Weathering changes the composition of the original mixture because different types of hydrocarbons vary in their susceptibility to physical, chemical, and biological transformation. For example, small aliphatic hydrocarbons evaporate easily and large aromatic hydrocarbons adsorb onto clayey soil. One of the major changes when microorganisms start oxidizing hydrocarbons is that those products (metabolites) move with the water due to their polar nature. Below is a simplified conceptual site model with parent hydrocarbons in yellow and metabolites in red. Understanding the factors involved in the breakdown of hydrocarbons and the limitations of different weathering processes is important for making informed site management decisions.
The conceptual site model (CSM) in Figure 4-9 illustrates key weathering processes and the production of petroleum metabolites in the environment. The parent hydrocarbons are in yellow (in the NAPL phase) and the metabolites are the red “molecules” shown in the different phases of the plume. Parent compounds released at the surface can undergo photooxidation (1) or evaporation following volatilization (2). Metabolites are also produced as a result of photooxidation. As the hydrocarbons travel downward from the surface through the vadose zone, (partial) biodegradation of hydrocarbons (3) occurs, yielding metabolites, with biodegradation becoming more anaerobic as oxygen levels drop. The NAPL can also penetrate the water table and result in both submerged and vadose zone source areas. Slow anaerobic biodegradation can occur in NAPL but more biodegradation occurs in the fringe. Parent hydrocarbons can also be absorbed onto soil particles (4). Hydrocarbons are transferred from the petroleum mass (NAPL) to water through dissolution (5). The polar metabolites partition preferentially into the water phase. As dissolved hydrocarbons and metabolites move away from the source area, they are subject to dilution (6). Formation of metabolites and further oxidation, as well as fermentation of metabolites, may continue under anaerobic conditions.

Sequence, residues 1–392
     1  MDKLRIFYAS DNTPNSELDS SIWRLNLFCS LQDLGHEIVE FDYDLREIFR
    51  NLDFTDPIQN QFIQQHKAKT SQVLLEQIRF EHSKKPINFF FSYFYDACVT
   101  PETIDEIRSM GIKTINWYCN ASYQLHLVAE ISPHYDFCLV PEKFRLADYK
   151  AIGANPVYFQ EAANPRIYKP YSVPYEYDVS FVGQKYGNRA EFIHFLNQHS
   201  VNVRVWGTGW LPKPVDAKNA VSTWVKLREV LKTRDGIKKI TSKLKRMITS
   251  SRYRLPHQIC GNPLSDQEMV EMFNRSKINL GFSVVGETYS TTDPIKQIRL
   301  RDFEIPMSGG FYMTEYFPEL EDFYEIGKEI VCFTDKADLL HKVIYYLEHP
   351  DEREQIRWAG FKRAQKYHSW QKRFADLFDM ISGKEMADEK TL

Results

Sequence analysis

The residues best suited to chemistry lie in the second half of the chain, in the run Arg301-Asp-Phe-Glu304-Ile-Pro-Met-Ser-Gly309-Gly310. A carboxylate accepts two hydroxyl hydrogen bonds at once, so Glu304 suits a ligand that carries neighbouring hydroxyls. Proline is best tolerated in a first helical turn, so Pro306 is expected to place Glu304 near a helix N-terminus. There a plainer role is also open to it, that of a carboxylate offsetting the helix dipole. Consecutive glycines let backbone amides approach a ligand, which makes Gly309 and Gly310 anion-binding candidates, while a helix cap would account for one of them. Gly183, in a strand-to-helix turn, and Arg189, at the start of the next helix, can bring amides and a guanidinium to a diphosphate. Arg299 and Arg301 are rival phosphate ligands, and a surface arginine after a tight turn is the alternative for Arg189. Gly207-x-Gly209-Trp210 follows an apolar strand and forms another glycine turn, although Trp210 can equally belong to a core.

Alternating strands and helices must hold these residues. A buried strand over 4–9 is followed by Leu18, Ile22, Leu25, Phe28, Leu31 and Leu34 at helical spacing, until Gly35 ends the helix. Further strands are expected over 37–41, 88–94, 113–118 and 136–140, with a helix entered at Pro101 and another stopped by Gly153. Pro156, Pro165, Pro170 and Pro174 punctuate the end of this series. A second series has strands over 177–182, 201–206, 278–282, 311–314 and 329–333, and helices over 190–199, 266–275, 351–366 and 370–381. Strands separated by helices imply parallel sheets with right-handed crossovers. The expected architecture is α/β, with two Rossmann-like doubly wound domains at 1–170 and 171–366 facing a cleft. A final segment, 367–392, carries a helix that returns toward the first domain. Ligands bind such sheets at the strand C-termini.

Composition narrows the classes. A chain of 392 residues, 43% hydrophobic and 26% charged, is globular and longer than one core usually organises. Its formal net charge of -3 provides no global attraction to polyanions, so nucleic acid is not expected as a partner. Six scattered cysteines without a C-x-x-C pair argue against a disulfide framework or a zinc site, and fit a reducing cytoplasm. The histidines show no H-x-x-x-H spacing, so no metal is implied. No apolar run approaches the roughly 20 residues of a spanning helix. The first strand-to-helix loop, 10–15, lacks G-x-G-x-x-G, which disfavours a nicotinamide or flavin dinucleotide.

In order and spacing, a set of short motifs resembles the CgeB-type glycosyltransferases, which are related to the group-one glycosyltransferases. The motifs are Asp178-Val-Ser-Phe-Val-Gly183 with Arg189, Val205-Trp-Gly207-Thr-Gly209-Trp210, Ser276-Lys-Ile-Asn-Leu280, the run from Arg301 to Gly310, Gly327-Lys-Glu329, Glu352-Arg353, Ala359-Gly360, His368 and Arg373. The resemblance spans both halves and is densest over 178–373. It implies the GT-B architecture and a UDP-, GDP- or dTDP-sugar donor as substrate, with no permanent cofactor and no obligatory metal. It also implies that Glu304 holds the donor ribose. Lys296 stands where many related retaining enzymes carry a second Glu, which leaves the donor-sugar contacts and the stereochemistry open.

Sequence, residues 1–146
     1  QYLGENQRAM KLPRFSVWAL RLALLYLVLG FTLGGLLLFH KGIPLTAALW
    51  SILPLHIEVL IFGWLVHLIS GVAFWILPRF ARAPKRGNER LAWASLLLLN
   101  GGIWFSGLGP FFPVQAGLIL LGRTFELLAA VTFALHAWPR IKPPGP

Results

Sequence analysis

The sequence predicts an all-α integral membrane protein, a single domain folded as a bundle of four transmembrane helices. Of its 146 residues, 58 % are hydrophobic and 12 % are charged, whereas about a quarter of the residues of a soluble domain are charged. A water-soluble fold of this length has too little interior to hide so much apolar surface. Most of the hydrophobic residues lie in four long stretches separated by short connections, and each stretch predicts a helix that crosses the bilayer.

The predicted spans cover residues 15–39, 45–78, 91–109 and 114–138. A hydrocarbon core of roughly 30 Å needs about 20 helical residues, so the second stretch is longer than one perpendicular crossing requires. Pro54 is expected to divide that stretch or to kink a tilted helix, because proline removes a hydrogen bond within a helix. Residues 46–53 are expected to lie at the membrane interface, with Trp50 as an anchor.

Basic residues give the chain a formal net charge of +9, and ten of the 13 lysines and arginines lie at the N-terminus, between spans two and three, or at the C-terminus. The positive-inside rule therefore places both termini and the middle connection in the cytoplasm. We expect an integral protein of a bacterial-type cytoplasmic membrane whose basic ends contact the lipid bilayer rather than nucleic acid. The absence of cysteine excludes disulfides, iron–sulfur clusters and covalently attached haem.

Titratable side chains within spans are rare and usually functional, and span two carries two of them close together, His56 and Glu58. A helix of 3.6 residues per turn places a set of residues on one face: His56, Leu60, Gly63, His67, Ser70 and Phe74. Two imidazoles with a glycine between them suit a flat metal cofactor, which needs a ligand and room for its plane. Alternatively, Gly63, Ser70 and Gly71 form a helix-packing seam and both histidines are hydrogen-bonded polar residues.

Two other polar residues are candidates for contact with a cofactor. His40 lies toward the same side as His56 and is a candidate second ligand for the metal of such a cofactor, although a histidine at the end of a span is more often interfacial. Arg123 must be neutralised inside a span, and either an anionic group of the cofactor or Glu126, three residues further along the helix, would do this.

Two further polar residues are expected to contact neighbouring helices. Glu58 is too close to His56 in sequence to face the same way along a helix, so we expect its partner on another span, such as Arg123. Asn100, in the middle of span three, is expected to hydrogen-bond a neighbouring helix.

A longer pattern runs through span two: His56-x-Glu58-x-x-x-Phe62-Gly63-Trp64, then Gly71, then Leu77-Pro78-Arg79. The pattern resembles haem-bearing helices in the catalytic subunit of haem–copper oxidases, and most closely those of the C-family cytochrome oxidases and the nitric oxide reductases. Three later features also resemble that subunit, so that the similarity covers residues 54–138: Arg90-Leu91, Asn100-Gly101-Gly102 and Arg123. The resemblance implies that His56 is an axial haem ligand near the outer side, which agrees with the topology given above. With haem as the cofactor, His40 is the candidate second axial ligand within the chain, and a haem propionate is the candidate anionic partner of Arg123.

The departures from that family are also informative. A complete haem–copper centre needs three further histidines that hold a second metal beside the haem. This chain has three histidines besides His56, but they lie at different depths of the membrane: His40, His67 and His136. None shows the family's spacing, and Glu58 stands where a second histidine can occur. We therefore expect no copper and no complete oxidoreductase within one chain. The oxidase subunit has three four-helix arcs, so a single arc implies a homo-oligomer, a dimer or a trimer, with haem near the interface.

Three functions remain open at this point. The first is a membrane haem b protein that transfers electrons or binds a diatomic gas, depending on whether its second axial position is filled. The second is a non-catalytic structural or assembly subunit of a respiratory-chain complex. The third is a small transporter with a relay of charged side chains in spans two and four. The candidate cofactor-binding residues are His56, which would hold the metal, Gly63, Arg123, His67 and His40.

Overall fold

Figure 4‑9. Conceptual site model for petroleum weathering and metabolites
Table 4-4 presents a summary of common weathering processes, the physical parameter that determines a hydrocarbon’s susceptibility to that process, and the types of hydrocarbons most susceptible.
Table 4‑4. Petroleum hydrocarbon susceptibility to common weathering processes
|Weathering Process||Structural Transformation||Change in Fate & Transport||Production of Metabolites||Physical Parameter||Hydrocarbon Susceptibility||Considerations|